12 Tips Every First-Year Student Should Know
Being a first-year student on campus means dipping your toes for the first time into something entirely different—new areas, faces, routines, and expectations. Not to mention that, compared to the rigid structure of high school, college’s complete freedom can cause whiplash.
However, as you’ll soon learn in college, knowledge is power.
The following tips are tidbits of essential information that can guide you as you begin a new chapter and help you welcome your college years with a confident heart and an open mind.
Scholarships are not something you should only monitor once a semester. Many scholarships, big and small, are scattered across the calendar, including off-peak seasons.
Be sure to consult with your academic advisor for further information. Sites such as Scholarships.com provide valuable resources, but be mindful and only check trusted and reliable websites.
While orientation is not mandatory, it is crucial, and you shouldn’t miss it. It gives you a first glimpse of campus essentials and is your best chance to get to know new people—your future classmates and other students, an academic advisor, and more.
Most importantly, orientation provides a tour guide across the campus, a first look at regular campus activities, and a glimpse at the resources you’ll gain access to.
Your tuition is not just money you pay for a degree—it’s also invested in campus resources and amenities. You partially pay for them, so it is within your right to use them as needed.
The facilities available vary according to your campus, so don’t forget to explore and ask which services you can use for free. Likewise, remember that your college ID grants you many discounts—from restaurants to Spotify.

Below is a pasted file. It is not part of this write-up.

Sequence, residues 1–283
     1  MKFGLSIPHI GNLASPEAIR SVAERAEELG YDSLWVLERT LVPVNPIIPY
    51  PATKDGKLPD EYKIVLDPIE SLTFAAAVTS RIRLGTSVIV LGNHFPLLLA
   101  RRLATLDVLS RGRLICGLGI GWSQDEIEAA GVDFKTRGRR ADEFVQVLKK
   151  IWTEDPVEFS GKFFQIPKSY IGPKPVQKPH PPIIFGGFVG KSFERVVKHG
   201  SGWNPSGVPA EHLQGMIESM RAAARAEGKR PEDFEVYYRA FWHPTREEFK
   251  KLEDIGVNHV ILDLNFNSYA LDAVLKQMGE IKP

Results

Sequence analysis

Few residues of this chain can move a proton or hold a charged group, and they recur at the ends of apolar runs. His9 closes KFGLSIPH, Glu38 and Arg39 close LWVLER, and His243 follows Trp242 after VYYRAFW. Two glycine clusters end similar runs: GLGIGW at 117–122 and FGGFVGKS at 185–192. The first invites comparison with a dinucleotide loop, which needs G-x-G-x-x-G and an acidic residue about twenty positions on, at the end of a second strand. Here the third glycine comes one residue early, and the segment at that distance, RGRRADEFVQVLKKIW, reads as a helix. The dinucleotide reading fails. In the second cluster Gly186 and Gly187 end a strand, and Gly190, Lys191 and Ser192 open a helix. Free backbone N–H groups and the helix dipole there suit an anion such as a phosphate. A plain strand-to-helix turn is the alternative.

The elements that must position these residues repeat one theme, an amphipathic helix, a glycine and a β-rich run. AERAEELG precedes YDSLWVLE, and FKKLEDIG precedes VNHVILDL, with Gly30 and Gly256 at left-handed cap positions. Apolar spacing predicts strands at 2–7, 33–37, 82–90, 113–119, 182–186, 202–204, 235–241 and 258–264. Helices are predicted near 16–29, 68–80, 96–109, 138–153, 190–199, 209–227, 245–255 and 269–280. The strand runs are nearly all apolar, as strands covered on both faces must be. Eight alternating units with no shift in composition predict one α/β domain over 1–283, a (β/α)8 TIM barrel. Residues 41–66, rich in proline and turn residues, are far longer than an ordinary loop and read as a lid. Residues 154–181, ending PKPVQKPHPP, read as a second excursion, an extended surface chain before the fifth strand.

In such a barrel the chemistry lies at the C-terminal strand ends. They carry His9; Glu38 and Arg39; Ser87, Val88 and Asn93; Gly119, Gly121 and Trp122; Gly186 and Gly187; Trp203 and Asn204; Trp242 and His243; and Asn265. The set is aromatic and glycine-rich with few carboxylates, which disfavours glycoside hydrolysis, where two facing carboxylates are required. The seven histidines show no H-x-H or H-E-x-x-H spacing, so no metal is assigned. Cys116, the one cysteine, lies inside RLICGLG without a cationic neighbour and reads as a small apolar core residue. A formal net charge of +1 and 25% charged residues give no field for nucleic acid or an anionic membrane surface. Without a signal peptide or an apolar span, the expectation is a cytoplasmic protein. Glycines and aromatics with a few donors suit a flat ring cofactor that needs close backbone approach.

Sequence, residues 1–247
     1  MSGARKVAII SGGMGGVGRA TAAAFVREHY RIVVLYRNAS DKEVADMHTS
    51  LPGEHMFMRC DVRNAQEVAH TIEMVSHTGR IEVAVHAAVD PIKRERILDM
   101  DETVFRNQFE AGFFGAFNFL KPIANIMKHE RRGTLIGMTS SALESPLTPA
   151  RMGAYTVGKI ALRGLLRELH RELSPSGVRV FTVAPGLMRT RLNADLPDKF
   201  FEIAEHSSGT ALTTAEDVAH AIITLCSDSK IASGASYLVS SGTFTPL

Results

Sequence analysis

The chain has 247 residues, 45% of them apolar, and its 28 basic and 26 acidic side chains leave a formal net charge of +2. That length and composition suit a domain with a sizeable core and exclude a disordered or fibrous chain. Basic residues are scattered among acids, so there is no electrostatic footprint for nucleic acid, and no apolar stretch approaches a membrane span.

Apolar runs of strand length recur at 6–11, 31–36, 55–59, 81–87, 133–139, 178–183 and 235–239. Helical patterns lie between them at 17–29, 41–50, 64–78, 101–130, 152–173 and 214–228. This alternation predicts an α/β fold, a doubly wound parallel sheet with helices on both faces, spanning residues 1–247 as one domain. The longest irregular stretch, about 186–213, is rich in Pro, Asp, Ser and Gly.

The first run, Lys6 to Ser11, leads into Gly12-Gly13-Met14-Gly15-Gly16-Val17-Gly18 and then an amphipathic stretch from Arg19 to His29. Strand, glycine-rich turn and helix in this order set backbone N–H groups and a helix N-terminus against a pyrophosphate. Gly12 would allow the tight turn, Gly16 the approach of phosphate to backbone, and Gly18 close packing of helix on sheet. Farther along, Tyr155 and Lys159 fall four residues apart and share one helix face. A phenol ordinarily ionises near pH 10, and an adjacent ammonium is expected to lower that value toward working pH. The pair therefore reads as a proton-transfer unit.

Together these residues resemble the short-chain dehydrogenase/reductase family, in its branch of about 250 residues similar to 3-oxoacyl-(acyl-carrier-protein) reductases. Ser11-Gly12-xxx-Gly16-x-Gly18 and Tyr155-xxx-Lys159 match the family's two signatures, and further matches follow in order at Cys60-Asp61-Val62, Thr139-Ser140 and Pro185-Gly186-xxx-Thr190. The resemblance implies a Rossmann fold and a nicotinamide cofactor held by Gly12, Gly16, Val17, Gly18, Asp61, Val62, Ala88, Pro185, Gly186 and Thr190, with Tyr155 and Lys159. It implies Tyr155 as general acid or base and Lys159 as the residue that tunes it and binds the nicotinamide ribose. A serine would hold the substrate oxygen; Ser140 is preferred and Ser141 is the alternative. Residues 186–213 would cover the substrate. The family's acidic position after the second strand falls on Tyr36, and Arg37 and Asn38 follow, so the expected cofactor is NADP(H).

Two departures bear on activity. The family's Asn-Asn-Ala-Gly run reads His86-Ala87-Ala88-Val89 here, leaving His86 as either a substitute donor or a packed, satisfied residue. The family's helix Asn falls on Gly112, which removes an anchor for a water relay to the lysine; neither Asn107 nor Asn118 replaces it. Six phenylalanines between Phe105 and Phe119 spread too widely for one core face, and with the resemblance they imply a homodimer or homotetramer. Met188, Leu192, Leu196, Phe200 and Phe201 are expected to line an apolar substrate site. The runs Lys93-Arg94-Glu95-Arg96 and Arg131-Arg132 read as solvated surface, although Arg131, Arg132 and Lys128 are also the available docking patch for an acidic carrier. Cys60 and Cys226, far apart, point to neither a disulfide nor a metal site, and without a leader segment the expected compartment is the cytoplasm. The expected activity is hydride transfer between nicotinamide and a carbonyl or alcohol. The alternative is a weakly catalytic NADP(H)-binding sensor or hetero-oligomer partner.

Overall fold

On your first few days of class, you’ll receive your syllabi and schedule for the semester. Make sure to read them all carefully and write down all the essential dates in your digital calendar. Including your assignment and exam dates for the semester in your calendar takes only a few minutes but will help you visualize the time you have left for specific tasks. If you wish to take this one step further, you can use productivity apps such as Notion.
Unless a professor requires a specific, new edition textbook with a one-time-use access code, you do not need to buy a brand-new textbook. Doing so is an unnecessary expense that can quickly impact your finances.
Instead, your best bet would be to rent or buy used. You can compare book rental prices and employ used book price comparison tools like BookScouter to discover the best deal for less money.
While academic achievements are undoubtedly important, social bonds are just as significant. College is where you may meet lifelong friends and acquaintances, but you will never do so unless you put yourself out there.
Join clubs and activities that interest you, or that pique your curiosity. If you live on-campus and far away from home, you’ll need a new social network to support you, not to mention that doing things you love will keep your mind focused amidst all that academic stress.